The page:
[Numpy-discussion] BOF notes: Fernando's proposal: NumPy ndarray with named axes

Lluís xscript@gmx....
Thu Jul 8 15:05:59 CDT 2010


Skipper Seabold writes:
[...]
>> If I understood well, you could have 4 axes (assuming that an Axis can only
>> handle a single label/variable).
>> 
>> a = DatArray(numpy.array([...], dtype = [("precipitation", float),
>>                                         ("temperature", float)]),
>>             (("city", ["Austin", ...]),
>>              ("month", ["January"]),
>>              ...))
>> 
>> Then, you can:
>>  a.city.named("Memphis").month.named("December")["temperature"].mean()
>>  a.city.named("Memphis").year.named(1985)["temperature"].mean()
>> 

> One question at this point, is if attribute access like this has to be
> coded in Python like recarrays currently?  If so, what is the speed
> trade-off.

I think so, but that's probably not that much costly (sorry, no numbers). As
this access is only expected to be used by the final user, all internal
operations accessing "real" attributes still go through the fast path. This will
all depend on the optimizations applied by the python runtime, which I simply
don't know.


[...]
>> I solved this in sciexp2 with (this is not the API, but translated into a
>> DatArray-like interface for clarity):
>> 
>>  a = Data(numpy.array([...], dtype = [("precipitation", float),
>>                                       ("temperature", float)]),
>>             (("measurement", "@city@-@month@-@year@-@region@",
>>               [{"city": "Austin", "month": "January", "year": 1980, "region": "South"},
>>                ...])))

> I have no idea what that's supposed to do!  What do you fill in the
> "missing" data with, NaNs?

Ok, the idea is that on the "one variable per axis" extreme, you would have a
lot of holes that in my case I fill with NaNs.

The other extreme (the one on the example above) is an "all variables in a
single axis", where _no_ NaNs will appear unless your data explicitly inserts
them (of course, you can have an arbitrary mix of them). What I tried to show is
that the names/ticks of this axis are:

  a.named['Austin-January-1980-South']

You could accomplish this right now in datarray if you instantiated it with:

  a = Data(numpy.array([...], dtype = [("precipitation", float),
                                       ("temperature", float)]),
           labels = (("mysingleaxis", ['Austin-January-1980-South', ... ])))

But although they are all merged into a single axis, you can still access them
separately in sciexp2 by using "filters" (that's why I used an extra item in the
tuple, and a list of dicts instead of strings):

>>  a.named[::"city == 'Memphis' && month == 'December'"]["temperature"].mean()
>>  a.named[::"city == 'Memphis' && year == 1985"]["temperature"].mean()


Another reason to have multiple variables, is that the insertion of NaNs to
maintain shape homogeneity will make these "synthetic" NaNs undistinguishable
from other NaNs that might be on your original input data, unless you use a
masked array or something similar to distinguish them.

It is also my case that I use multiple variables on a single axis as this is how
I later organize the information on my plots, such that I can iterate on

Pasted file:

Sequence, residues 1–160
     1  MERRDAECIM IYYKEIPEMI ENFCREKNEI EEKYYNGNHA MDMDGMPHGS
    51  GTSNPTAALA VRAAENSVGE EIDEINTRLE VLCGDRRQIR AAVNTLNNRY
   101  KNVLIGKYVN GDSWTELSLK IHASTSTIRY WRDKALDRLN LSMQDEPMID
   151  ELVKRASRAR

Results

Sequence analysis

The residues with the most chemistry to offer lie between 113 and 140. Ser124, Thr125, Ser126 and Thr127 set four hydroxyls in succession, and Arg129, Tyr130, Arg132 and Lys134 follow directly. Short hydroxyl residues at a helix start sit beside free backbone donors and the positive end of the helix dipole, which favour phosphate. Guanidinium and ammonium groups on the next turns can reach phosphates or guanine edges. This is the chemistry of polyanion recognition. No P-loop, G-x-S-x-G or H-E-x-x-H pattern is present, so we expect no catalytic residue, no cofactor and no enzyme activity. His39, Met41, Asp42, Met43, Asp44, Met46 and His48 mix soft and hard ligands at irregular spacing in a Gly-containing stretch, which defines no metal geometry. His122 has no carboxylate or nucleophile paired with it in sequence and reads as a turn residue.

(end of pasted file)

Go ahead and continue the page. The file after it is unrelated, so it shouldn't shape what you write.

"name/tick" and data pairs that are used as matplotlib labels; where these names
contain, for example, the set of parameters I've tested:
         
  >>> a = Data(numpy.array([...], dtype = [("time", float), ... ]),
               labels = (("configuration", "@ways@-way @size@KB",
                          [{"ways":2, "size":32},
                           {"ways":4, "size":32},
                           ...])
                         ("benchmark", "@benchmark@",
                          [{"benchmark":"foo"},
                           ...])))
  >>> for t in a.configuration.iteritems(): print t
  ("2-way 32KB", Data(<data for all benchmarks>))
  ("4-way 32KB", Data(<data for all benchmarks>))
  ...


>> But of course, this represents a tradeoff between "wasted" space and speed. The
>> internals are on the line of (using ordered dicts):
>> 
>>  { 'city' : { 'Memphis': set(<indexes with memphis>),
>>               ... },
>>    'month' : { 'December': set(<indexes with december>),
>>                ... },
>>    ... }
>> 
>> Which translates into:
>> 
>>  a[union( d['city']['Memphis'], d['month']['december'] )]
>> 
>> There's a less optimized path that supports arbitrary expressions (less than,
>> more than or equal, etc.), but has a cost of O(n).

> Wouldn't this need to be supported in any case?

No, if you were to use a single variable per axis, this would be:

  { 'city' : { 'Memphis' : <index for memphis>,
               ... }
    ... }

which translates into:

  a[d['city']['Memphis'], d['month']['December']]

On the other hand, my example needs an _ordered_ set (sorry, forgot to say
that), and the union will provide the numeric indexes for the given filter.

The cost for this search is relative to the cost of the union of ordered sets,
and the non-optimized case for filters with '<=', etc. has a cost of o(n)
(relative to the length of the axis being filtered).


Lluis

-- 
 "And it's much the same thing with knowledge, for whenever you learn
 something new, the whole world becomes that much richer."
 -- The Princess of Pure Reason, as told by Norton Juster in The Phantom
 Tollbooth


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